As a bachelorâ€™s degree wielding graduate of DeVry University (phoenix campus, incidentally), I can confirm that DeVry is now a fully accredited university that requires all of the courses required by most state universities to acquire a 4 year degree (English, Math, Science, etc.). The tuition costs are substantial, just like a state university and the quality of the professors varies as much as it does at other schools. Teaching staff ranged from sub-par (in my humble opinion) to stellar. I stayed with DeVry because I could get a CIS degree while working full time. DeVry of phoenix has made great strides to organize their operation and the administration staff is very helpful.
Is DeVry for everyone? Maybe not. Thatâ€™s a personal decision. Visit the school, get more information, figure out financing, and then decide if you should do it. As I said before, DeVry isnâ€™t cheap for a 4 year degree â€“ I would highly recommend taking classes at a local community college and transferring in as much as possible. DeVryâ€™s administration staff can tell you if a certain class will transfer for credit.
My two cents: Itâ€™s not a bad way to go. I finished my 4 year Computer Info Systems degree at DeVry in March (magna cum laude) and now (July) Iâ€™m working for a Fortune 500 company as a Database Administrator.
Oh, please. You created an account for this one sole purpose? Looking at your post count of 1 indicates you are one of those DeVry employees coming in here to do damage control. I have two points of contention.
1. You claim that the quality of professors varies. This may be true, however the professors at normal universities are far more qualified, in general, to teach. They have doctorates in their field. They are not just people pulled off the streets and claimed to be "experts" in their fields. I'm sure there are some DeVry and ITT instructors that are good; but they are a not the norm.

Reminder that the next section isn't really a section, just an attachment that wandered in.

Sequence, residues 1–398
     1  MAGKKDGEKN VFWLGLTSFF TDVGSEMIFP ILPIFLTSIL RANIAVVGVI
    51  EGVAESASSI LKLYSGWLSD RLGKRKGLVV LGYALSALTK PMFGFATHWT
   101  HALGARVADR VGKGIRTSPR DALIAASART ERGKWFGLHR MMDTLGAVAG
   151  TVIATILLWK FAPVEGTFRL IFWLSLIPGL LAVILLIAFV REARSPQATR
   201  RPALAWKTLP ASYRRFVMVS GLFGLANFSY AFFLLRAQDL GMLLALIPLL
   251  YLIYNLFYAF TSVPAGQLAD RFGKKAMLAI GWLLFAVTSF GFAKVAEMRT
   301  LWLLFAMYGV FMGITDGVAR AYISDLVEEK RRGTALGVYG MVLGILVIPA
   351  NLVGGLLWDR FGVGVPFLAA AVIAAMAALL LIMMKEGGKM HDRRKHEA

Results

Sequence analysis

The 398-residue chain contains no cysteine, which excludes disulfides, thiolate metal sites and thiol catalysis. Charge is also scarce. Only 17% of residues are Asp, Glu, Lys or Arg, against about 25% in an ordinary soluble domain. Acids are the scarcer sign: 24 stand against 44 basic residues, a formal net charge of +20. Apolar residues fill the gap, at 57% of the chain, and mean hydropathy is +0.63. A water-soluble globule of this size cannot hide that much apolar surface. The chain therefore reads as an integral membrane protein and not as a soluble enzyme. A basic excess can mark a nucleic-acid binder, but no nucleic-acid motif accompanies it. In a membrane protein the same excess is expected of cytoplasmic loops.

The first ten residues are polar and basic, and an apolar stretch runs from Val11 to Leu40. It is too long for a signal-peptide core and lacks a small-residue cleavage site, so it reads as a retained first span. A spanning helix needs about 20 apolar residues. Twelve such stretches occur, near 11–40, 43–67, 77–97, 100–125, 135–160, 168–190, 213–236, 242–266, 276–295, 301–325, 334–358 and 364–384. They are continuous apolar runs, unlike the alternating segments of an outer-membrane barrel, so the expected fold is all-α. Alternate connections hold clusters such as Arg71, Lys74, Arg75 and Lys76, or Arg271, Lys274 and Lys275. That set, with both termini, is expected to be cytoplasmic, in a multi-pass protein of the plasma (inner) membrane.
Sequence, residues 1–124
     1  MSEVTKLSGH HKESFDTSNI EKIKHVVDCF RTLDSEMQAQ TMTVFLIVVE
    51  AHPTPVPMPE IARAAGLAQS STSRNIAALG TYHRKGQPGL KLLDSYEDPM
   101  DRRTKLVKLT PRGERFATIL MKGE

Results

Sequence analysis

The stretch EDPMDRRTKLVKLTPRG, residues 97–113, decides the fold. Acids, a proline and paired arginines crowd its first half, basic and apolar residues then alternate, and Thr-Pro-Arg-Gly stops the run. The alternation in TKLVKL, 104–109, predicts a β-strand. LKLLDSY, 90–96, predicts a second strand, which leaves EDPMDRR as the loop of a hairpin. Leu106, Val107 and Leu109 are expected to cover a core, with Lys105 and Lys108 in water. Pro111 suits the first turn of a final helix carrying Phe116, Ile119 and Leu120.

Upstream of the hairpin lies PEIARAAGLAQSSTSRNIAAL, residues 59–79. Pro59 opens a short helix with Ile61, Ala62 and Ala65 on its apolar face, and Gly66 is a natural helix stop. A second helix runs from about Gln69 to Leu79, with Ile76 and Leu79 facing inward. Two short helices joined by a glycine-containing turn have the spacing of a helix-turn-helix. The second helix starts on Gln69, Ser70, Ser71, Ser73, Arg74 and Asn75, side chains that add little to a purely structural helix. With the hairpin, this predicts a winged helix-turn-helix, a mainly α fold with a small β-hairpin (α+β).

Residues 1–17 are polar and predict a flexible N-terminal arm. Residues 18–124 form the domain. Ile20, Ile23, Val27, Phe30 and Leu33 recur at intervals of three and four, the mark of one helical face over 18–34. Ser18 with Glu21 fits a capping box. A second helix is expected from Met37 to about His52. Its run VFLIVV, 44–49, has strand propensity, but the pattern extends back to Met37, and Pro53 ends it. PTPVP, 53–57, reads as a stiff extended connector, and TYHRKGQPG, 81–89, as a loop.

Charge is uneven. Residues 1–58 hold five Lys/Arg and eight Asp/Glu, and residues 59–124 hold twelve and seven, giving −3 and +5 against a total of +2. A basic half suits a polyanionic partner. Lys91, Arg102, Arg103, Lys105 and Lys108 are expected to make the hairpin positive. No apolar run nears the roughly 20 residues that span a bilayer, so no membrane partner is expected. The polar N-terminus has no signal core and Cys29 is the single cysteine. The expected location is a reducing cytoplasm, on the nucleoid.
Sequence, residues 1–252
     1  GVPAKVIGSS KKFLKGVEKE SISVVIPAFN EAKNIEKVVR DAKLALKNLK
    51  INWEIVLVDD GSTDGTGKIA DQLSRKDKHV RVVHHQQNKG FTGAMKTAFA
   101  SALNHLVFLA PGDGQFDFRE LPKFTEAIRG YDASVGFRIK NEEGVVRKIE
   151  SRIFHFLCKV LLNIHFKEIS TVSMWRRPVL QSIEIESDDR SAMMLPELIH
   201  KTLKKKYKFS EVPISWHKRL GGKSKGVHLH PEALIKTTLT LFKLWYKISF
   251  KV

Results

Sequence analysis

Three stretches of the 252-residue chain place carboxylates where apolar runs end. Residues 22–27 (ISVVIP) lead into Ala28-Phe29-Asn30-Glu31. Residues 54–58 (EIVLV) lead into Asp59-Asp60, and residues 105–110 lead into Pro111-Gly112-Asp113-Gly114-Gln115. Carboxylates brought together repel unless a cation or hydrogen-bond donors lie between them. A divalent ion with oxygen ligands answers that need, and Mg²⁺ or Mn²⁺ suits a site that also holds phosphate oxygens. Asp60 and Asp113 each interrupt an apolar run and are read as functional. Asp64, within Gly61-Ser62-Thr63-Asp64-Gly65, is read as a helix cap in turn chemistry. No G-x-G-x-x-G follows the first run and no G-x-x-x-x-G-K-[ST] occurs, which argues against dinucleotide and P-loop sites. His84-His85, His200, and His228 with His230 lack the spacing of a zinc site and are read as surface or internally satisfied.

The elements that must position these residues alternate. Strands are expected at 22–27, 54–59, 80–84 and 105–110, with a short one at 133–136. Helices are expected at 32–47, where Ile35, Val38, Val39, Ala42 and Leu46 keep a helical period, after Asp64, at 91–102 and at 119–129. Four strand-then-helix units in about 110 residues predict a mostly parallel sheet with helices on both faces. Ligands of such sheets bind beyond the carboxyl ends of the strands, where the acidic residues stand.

2. You claim that the tuition rate is comparable to state schools. Again, wrong. If you compare it to out-of-state tuition then I would agree with you. But you can easily stay within your state and get a far better deal and education. For example, I will use my state.
At first the numbers look good right? Look deeper. The state schools include housing in dorms. If you remove that from the equation and live off-campus you can cut those costs by half. DeVry and ITT on the hand does not and the entire amount is the tuition. So if you factor in the fact that you have to pay over $15,000 without even including housing you are paying an astronomical amount. You can also make it an even better deal by going to a community college and then transferring to one of these schools.
Every thread I see regarding ITT or DeVry I see people like you who defend them and then rattle off how they live comfortably now and are working for a Fortune 500 company, yada yada. It's like you guys have a template for posts. I won't argue that some manage to make a life for themselves with this education. However, just looking at the number of complaints, law suits, and just common sense let's me know that, overall, these schools are more interested in your money and not your education.